Niche: Young Adults and Their Parents

Find out more about Tiffany HERE!

Find this Interview on YouTube, HERE.


As parents it’s natural to want our children to choose certain things or make particular choices so that they can have a certain outcome. But all too often we really want them to do that so we can appear a certain way as a parent and we can feel like we were successful in our parenting role. 

Releasing our children of certain expectations doesn’t stop once they leave our home or reach the age of adulthood. Coach Tiffany Rhoton doesn’t feel like expectations are bad but they can be damaging to the parent child relationship if we base our relationship and love on those expectations being met. We want our kids to buy into their choices because they want to or not do something, not because they feel they have to be a certain way to make us feel better or gain our love and acceptance. Tiffany cannot stress enough the importance of basing your success as a parent on what you can control and then allowing your young adult children to make their own decisions. Hard to do, but so important for your children’s development and your relationship with them.



*Many times our motivations as parents for wanting their children to succeed and make certain choices is so they can feel good about themselves and the way that they parent.

*Parenting adult children is so fun when we let go of the expectation for them to be a certain way.

*Make sure you are honest with yourself as a parent for the motivation behind why you want your kids to be or not be the way they are.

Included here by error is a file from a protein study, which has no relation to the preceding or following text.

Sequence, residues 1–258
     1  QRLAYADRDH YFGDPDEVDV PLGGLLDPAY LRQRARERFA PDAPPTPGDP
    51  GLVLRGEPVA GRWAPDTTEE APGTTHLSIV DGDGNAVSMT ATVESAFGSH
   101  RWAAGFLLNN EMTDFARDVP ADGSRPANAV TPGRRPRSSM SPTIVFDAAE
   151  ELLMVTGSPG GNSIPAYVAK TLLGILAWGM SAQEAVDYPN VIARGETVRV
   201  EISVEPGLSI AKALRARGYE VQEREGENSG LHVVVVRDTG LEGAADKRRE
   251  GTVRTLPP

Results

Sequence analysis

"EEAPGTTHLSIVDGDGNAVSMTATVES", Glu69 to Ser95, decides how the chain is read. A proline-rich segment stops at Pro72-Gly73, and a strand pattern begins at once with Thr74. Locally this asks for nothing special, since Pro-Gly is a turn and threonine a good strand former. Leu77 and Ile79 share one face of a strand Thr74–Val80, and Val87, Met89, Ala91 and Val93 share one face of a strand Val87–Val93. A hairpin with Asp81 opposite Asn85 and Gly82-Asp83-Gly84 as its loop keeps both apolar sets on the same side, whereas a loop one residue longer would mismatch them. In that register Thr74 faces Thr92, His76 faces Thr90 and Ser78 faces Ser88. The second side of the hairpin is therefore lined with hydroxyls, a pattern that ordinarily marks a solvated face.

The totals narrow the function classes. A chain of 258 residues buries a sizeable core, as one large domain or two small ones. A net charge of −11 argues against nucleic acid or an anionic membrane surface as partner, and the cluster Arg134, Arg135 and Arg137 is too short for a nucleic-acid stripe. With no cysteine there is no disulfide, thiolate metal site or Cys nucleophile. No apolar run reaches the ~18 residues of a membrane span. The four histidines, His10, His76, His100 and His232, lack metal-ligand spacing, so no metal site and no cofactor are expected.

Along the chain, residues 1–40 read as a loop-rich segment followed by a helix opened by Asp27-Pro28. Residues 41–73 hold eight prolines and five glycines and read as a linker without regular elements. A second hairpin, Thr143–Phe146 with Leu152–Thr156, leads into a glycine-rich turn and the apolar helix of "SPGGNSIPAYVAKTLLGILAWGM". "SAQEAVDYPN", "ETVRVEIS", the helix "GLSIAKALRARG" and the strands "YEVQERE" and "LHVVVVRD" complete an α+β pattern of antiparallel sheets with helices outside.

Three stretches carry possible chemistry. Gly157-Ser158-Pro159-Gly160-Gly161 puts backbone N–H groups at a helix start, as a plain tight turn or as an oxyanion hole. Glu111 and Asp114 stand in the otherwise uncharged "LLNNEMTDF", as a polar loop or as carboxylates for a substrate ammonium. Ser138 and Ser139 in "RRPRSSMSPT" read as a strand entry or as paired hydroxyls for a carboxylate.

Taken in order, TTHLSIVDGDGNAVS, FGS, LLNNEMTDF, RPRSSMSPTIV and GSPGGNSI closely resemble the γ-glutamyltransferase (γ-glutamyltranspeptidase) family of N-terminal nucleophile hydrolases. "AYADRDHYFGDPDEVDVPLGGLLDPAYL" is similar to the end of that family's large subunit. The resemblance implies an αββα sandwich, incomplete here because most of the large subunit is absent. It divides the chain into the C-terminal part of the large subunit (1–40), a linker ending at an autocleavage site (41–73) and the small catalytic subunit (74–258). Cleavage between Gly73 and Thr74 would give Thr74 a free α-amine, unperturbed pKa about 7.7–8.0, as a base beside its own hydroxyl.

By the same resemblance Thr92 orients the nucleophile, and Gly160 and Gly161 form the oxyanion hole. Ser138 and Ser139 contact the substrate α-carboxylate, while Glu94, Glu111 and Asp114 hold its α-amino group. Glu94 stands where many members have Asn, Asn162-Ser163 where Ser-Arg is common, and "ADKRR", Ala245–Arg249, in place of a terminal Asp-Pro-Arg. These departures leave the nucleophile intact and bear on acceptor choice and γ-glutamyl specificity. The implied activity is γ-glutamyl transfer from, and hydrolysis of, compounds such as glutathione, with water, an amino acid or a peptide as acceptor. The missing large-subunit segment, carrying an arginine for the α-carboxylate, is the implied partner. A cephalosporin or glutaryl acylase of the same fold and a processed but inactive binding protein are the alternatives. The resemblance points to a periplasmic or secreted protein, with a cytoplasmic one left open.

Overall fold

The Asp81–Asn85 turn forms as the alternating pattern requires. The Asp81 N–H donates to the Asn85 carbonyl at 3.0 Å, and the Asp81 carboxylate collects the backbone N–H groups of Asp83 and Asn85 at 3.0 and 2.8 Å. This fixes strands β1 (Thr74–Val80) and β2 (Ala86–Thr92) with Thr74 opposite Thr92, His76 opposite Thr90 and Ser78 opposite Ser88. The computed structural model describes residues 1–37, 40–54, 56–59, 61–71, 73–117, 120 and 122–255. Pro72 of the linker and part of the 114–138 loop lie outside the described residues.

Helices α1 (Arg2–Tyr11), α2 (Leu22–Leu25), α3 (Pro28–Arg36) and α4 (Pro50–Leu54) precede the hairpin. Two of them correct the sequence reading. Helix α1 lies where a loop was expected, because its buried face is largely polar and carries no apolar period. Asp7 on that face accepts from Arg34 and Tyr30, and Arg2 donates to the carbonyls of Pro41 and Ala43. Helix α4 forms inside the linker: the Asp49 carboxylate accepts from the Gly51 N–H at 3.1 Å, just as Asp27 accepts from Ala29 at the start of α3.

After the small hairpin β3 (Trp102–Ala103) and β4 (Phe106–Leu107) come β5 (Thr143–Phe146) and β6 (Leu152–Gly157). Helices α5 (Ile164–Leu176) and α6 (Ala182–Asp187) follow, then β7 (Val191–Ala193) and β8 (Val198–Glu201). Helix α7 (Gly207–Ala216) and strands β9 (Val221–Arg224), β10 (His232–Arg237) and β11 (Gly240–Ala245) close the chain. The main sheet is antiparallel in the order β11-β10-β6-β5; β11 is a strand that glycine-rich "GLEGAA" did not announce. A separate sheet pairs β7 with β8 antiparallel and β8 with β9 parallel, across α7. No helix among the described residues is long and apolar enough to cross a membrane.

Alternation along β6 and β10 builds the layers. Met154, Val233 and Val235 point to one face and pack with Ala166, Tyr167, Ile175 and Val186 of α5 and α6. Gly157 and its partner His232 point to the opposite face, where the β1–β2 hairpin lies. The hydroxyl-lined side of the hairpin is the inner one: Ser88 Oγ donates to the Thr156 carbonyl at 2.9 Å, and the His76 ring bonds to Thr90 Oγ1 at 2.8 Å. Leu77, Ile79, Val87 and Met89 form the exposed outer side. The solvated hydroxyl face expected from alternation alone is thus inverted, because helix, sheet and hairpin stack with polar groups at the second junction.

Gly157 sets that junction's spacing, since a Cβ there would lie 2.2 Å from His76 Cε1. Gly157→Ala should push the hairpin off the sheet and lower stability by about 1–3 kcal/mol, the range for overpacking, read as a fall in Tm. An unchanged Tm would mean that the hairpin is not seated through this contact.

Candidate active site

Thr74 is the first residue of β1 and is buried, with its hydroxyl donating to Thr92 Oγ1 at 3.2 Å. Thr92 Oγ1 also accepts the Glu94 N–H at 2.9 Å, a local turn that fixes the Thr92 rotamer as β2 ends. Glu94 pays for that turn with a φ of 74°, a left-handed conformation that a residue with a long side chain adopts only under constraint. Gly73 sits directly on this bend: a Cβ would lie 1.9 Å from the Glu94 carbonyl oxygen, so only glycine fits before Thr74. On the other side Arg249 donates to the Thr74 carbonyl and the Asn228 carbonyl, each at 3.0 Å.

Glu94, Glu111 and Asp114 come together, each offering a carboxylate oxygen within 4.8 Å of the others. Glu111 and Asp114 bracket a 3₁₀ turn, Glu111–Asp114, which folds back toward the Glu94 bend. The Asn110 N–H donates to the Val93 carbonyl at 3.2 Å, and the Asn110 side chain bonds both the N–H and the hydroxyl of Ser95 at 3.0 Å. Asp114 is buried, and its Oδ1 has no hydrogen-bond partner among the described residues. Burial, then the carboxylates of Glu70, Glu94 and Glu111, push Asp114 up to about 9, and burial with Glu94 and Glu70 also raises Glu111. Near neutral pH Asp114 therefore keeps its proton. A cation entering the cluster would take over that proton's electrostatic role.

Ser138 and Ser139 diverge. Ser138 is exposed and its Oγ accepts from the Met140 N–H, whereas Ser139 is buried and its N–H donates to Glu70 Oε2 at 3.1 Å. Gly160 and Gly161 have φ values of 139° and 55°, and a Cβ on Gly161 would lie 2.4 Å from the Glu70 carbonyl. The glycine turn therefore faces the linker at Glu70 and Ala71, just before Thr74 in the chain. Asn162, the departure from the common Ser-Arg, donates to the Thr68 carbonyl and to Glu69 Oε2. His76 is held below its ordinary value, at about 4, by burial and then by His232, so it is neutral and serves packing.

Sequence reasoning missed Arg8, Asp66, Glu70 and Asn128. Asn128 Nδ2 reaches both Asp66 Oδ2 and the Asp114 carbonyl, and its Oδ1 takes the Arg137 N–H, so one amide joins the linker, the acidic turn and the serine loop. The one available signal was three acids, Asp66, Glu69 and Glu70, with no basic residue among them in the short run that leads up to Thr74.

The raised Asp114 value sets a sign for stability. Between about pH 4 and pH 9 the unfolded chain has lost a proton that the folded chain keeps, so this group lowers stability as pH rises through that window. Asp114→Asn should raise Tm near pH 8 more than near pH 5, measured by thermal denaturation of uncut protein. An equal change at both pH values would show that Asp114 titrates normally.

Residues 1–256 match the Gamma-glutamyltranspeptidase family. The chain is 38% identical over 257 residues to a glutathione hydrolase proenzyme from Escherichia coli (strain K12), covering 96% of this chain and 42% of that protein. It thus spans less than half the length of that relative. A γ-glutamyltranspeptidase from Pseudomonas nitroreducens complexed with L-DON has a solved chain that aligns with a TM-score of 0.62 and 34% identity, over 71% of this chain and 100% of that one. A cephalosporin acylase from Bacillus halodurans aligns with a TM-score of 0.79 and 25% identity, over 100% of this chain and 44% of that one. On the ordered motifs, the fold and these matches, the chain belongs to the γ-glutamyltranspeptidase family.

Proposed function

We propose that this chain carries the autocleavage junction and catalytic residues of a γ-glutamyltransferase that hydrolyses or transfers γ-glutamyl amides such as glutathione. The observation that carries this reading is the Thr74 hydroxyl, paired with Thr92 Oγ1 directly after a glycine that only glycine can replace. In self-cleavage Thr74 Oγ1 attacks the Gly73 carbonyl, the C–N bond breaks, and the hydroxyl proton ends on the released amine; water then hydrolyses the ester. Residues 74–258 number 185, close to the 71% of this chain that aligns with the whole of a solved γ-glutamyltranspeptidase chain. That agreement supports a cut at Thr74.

*Most young adults want to please their parents and be accepted by them. 

*We can have expectations for our children but we can’t link our love for them to fulfilling those expectations.

*Having certain expectations for our children can be exhausting. 

*I’m a good mom because I show up and I keep trying.

*You need to be aware of the feelings that are driving your parenting. If it’s graspy panic, it’s not going to go well. 

*When you see a great quality in a child, build on that quality, not the outcome.

*The way you can build confidence in your parenting is to focus on what you can control. The thing you can control is how you decide to show up as a parent. What your children take from that is up to them and has nothing to do with how good of a parent you are.

*Once our children leave the home our role in their lives changes. We become more of a support instead of the person who makes all their decisions for them. 


Discussion Questions:

  1. How do you gauge whether or not you are a successful parent?
  2. If you have young adults and you feel like the relationship is not where you want it to be, where could giving up control or basing your self worth on their decisions actually gain you a better relationship?
  3. What are some of the fears you have in letting go of your children making or not making certain decisions?